The Times-Tribune

Lacking lawyers, Plains states trying new tacks

- BY MARGERY A. BECK

OMAHA, Neb. — In Wheeler County, Nebraska, if you want a divorce, attorneys who can help you are nearly 50 miles away.

There’s only one attorney, James McNally, in the northcentr­al county, and he is its sole prosecutor. He’s been there for 50 years and was at one point one of five attorneys. He has a side practice handling probate and estate services, but obviously can’t take criminal defense cases.

There’s a reason more lawyers don’t land in places like Wheeler County, one of 11 counties that have no attorneys outside of elected prosecutor­s, he said. With so few people to serve and recent graduates carrying loads of student debt, it just doesn’t pay, he said.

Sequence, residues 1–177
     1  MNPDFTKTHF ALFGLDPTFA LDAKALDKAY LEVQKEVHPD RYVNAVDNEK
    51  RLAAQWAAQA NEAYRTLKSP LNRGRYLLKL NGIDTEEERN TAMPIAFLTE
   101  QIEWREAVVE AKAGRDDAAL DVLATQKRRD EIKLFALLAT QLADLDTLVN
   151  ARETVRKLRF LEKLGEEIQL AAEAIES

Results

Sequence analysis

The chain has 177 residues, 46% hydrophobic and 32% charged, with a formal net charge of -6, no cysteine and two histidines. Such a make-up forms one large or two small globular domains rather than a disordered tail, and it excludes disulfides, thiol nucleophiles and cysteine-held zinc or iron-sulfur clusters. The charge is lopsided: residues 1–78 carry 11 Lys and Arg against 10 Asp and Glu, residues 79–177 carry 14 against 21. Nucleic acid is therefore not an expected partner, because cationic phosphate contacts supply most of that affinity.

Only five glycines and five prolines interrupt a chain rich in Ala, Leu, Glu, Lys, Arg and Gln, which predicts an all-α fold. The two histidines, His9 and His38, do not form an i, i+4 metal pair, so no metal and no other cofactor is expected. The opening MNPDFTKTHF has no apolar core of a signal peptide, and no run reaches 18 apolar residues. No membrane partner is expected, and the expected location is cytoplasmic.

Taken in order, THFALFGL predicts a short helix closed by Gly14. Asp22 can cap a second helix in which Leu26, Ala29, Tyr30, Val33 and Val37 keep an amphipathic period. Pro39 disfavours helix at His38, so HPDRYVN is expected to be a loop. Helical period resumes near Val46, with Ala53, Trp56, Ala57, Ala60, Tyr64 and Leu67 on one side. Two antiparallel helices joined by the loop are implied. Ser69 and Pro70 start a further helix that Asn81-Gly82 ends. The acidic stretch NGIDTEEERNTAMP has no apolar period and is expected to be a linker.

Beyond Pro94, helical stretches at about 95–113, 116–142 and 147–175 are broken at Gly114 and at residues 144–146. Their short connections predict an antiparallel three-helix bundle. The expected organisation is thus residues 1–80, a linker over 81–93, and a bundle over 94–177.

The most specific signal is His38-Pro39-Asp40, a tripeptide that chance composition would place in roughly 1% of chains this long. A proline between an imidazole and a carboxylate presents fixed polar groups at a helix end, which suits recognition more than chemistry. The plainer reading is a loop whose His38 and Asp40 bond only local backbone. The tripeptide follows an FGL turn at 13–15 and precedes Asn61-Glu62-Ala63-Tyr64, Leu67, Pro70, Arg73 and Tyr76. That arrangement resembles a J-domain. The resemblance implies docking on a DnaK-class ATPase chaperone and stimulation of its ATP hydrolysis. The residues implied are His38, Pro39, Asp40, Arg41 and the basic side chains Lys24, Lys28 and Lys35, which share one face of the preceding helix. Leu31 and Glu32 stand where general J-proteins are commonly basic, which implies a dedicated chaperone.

“They go where the money is, and that’s not a small town,” he said.

In response, Nebraska has launched a program that targets rural high schools students, hoping to persuade them to return to their roots to practice law.

Modeled after the Rural Health Opportunit­ies Program, which recruits rural students to become smalltown doctors, Nebraska’s program targets high-achieving students with plans to go to law school, offering fulltuitio­n undergradu­ate scholarshi­ps to three rural Nebraska colleges: Chadron State College, the University of Nebraska at Kearney and Wayne State College.

Participat­ing students who maintain a 3.5 GPA and get a minimum LSAT score automatica­lly will be accepted to the University of Nebraska College of Law in Lincoln.

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